Reset A A Font size: Print

Supreme Court, Appellate Division, Third Department, New York.


Decided: May 22, 1997

Before MIKOLL, J.P., and MERCURE, CREW, WHITE and PETERS, JJ. Robert R. Vario (Ralph C. Lorigo, of counsel), West Seneca, for petitioner. Dennis C. Vacco, Attorney-General (Gina M. Ciccone, of counsel), Albany, for respondents.

Proceeding pursuant to CPLR article 78 (transferred to this court by order of the Supreme Court, entered in Albany County) to review a determination of respondent Comptroller which denied petitioner's applications for accidental and performance of duty disability retirement benefits.

Petitioner, a firefighter for the City of Buffalo Fire Department, applied for accidental and performance of duty disability retirement benefits after allegedly sustaining a lower back injury on March 28, 1992, when he fell on his buttocks while shoveling snow outside of a fire house.   Following a hearing, the applications were disapproved based upon a finding that petitioner was not permanently incapacitated for the performance of his duties;  the determination was upheld on administrative appeal.   This CPLR article 78 proceeding ensued.

 There is substantial evidence in the record to support the Comptroller's determination that petitioner failed to sustain his burden of proving that he is permanently incapacitated from performing his duties as a firefighter.   The record testimony of William Rogers, an orthopedist who appeared as an expert witness on behalf of respondent New York State and Local Police and Fire Retirement System, established that, based upon his examination of petitioner and his review of various medical reports and an MRI, there were no signs of nerve root irritation or compression, no significant objective abnormalities, and normal flexion.   Accordingly, despite petitioner's subjective complaints of pain and tenderness, Rogers found no basis to conclude that petitioner was physically incapacitated or that he could not perform the duties of a firefighter.   Although the testimony of petitioner's treating physician conflicted with that of Rogers, we recognize that the exclusive authority to evaluate conflicting medical evidence vests in the Comptroller, who is free to accept or reject one medical opinion over another (see, Matter of Lopez v. McCall, 236 A.D.2d 690, 691, 652 N.Y.S.2d 906, 907;  Matter of Paeno v. McCall, 235 A.D.2d 766, 767, 652 N.Y.S.2d 364, 365;  Matter of Arimento v. McCall, 211 A.D.2d 958, 960, 621 N.Y.S.2d 409).  Accordingly, Rogers' medical opinion constitutes substantial evidence supporting the determination, which we now confirm.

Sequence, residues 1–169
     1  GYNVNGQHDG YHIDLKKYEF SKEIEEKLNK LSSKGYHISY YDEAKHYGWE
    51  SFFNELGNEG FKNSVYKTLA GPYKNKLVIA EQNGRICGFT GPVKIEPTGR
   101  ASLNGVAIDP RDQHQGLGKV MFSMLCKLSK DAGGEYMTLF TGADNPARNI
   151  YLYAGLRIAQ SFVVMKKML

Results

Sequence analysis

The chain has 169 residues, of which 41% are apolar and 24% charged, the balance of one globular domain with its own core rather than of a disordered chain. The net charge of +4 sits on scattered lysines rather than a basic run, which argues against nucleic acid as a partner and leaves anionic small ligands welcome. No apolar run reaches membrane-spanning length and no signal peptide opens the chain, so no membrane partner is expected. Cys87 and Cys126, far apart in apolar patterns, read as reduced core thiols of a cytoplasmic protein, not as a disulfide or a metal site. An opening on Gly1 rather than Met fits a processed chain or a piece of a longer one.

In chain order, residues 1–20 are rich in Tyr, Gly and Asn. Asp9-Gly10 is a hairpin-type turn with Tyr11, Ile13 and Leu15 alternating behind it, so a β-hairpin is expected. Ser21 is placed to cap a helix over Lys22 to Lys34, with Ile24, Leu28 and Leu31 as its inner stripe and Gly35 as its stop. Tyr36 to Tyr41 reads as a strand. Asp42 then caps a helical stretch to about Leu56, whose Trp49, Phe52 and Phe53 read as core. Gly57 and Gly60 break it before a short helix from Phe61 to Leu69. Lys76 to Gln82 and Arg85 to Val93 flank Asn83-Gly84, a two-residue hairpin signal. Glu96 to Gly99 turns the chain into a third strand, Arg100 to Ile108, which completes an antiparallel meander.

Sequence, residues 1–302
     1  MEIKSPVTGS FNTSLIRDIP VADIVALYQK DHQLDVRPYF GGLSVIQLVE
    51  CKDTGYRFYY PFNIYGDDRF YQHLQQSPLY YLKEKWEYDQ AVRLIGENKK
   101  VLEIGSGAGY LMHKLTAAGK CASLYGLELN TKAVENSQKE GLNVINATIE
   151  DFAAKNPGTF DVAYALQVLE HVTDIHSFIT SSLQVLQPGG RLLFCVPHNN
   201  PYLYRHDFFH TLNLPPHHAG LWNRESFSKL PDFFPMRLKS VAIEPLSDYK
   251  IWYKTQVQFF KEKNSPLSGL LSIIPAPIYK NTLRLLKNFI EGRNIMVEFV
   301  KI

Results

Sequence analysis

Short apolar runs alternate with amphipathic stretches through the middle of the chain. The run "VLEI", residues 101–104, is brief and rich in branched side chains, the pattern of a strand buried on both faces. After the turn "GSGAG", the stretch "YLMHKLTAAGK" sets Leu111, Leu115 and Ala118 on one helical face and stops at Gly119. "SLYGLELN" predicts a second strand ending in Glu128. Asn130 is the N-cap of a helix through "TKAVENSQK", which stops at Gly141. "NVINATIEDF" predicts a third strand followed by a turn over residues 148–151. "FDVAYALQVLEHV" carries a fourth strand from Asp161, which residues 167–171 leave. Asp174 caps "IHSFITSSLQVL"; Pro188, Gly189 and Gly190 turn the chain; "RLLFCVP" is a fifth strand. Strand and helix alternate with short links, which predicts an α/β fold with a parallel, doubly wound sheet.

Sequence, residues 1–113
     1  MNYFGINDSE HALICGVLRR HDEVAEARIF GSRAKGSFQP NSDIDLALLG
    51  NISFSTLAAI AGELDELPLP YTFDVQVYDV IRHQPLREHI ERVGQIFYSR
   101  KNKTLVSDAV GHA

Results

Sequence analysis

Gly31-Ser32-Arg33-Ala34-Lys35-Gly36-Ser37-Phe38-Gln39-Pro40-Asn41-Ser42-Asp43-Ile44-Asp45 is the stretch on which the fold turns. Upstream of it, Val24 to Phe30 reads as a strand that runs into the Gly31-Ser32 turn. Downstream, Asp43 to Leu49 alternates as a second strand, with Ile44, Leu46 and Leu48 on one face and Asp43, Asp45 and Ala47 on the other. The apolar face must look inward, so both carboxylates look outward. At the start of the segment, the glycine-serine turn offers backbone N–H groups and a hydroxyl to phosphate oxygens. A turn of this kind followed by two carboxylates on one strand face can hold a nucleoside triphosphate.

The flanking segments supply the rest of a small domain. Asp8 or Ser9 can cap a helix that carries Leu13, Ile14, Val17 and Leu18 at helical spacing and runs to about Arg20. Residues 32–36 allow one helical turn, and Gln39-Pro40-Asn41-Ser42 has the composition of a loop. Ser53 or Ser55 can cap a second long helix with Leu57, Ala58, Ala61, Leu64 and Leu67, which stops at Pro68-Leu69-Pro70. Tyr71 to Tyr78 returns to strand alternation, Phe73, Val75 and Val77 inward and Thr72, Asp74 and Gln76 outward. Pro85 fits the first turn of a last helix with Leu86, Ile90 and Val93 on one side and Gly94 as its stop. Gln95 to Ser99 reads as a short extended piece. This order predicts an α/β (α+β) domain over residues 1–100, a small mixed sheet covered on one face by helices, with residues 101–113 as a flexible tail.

As to petitioner's remaining contentions, we do not find that the Hearing Officer abused his discretion in precluding petitioner from testifying as to the benefits he was receiving from the Social Security Administration.   The Hearing Officer is not bound by any determination made by the Social Security Administration (see, Matter of Keller v. Regan, 212 A.D.2d 856, 858, 622 N.Y.S.2d 612).   Nor do we find that the Hearing Officer erred in refusing to admit into evidence hearsay medical progress reports by a nontestifying treating physician where counsel for the Retirement System would have been denied the opportunity to cross-examine this physician regarding the findings contained therein (see, id., at 858, 622 N.Y.S.2d 612).

Having concluded that the determination, which is based on a finding that petitioner failed to prove that he was physically incapacitated from performing his duties, is supported by substantial evidence, we need not reach petitioner's remaining argument that his injury occurred as a result of an accident (see, Retirement and Social Security Law § 363[a] ).

ADJUDGED that the determination is confirmed, without costs, and petition dismissed.

MERCURE, Justice.

MIKOLL, J.P., and CREW, WHITE and PETERS, JJ., concur.

Copied to clipboard